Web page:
High Availability for FreeSWITCH

Clustering designed specifically for telephony




Built for Power and Efficency

  • Created in C++ for low resource consumption, fast detection, and rapid failover

  • Runs as a background service on each node to optimize detection of failures

  • 28 built-in sensors plus unlimited user created sensors (compatible with any programming / scripting language)

  • Event handler system creates hooks to interact with any user defined program/script

  • Proprietary delta and compression system synchronizes data efficiently across long distances

Major Modules

The sensor engine is responsible for monitoring the health of the local computer (called a “node”), polling various interfaces/subsystems to determine if the local node has degraded to a level requiring further action or failover. The state of the local node is tracked as a health score which rises as health degrades. When the score reaches the critical level the administrator is notified and selected actions can automatically take place. When the score reaches the failure level control is automatically transferred to the standby node.

The synchronization engine is responsible for replicating changes in files, directories, tables, and databases from the active node to the standby node. The synchronization engine initiates synchronization at specified intervals, and allows for modification of synchronized data once delivered to the standby node (replacing portions of files or fields in a database). Synchronization always takes place from the active to the standby node, and only while the active node’s health score is non-critical.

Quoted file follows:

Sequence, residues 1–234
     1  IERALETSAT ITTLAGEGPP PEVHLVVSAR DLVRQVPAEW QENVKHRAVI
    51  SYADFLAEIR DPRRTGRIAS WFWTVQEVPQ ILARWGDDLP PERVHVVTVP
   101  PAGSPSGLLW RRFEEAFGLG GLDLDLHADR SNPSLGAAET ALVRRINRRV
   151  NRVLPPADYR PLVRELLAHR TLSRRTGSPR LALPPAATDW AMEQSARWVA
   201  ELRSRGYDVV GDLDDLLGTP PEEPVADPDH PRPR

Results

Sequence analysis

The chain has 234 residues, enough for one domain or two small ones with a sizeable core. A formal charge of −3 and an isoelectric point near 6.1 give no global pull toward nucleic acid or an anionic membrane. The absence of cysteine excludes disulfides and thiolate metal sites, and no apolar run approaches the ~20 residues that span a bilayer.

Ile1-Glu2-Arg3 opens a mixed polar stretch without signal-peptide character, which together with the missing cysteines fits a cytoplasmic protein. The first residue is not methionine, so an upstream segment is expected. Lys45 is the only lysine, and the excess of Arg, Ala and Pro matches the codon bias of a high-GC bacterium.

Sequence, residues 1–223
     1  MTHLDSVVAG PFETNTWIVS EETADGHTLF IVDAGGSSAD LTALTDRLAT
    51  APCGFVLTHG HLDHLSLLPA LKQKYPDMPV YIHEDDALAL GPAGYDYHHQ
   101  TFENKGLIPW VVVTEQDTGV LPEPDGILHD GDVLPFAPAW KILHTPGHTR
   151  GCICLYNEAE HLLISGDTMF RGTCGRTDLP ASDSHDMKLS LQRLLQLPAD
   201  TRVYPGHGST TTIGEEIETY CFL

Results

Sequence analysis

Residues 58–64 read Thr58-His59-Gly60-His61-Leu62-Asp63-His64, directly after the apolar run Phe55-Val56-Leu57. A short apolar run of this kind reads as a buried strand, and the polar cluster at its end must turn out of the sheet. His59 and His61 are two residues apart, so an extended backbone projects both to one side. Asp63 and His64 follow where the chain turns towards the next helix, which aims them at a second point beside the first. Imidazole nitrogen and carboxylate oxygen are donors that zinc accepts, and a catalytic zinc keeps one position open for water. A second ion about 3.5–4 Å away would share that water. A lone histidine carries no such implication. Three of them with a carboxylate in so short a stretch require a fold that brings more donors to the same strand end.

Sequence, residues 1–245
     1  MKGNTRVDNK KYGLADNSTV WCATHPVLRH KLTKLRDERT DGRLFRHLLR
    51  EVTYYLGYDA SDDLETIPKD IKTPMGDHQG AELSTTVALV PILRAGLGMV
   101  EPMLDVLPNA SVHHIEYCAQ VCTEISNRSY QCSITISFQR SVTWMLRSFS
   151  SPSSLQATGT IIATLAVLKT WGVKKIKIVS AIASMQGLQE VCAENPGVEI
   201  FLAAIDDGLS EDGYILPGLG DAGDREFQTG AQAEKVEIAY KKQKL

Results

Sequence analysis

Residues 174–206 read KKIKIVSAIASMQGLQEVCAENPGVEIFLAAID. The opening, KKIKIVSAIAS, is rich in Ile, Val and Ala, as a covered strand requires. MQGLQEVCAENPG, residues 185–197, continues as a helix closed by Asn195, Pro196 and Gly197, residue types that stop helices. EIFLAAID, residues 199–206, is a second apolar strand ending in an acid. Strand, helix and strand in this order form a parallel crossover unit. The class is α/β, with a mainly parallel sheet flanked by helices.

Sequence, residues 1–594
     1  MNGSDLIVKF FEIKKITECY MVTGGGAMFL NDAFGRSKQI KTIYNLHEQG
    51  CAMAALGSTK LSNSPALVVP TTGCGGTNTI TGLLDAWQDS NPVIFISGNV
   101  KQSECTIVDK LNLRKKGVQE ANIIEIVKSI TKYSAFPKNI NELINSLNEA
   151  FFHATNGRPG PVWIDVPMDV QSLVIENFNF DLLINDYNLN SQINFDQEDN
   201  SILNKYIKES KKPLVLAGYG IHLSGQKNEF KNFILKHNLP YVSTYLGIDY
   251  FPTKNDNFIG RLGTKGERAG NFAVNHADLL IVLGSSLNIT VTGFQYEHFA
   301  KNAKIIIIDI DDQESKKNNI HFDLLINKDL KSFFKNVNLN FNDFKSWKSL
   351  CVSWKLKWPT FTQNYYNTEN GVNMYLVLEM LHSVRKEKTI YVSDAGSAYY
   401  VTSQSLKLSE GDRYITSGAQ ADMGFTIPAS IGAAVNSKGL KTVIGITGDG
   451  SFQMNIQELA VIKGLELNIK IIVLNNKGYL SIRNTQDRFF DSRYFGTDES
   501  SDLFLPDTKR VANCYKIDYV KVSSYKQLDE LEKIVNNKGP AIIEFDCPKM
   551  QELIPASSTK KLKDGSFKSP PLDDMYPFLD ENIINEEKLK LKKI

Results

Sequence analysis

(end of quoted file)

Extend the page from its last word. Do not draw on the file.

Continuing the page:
The peer link is responsible for all communication between nodes, including heartbeat, coordinating failover, sending messages, tracking remote sensors, etc. If the peer link goes offline for any reason then the surviving node assumes the other node has failed and attempts to take over operations as the new active node.   The peer link is used in node negotiations (determining which node should take over), exchanging of sensor data, etc.

The cluster controller is responsible for starting and stopping FreeSWITCH on the local peer, and interacting with the sensor engine, the synchronization engine, and the peer link modules. The cluster controller also performs pre/post FreeSWITCH start/stop activities, allowing for considerable customization and flexibility in FreeSWITCH operations.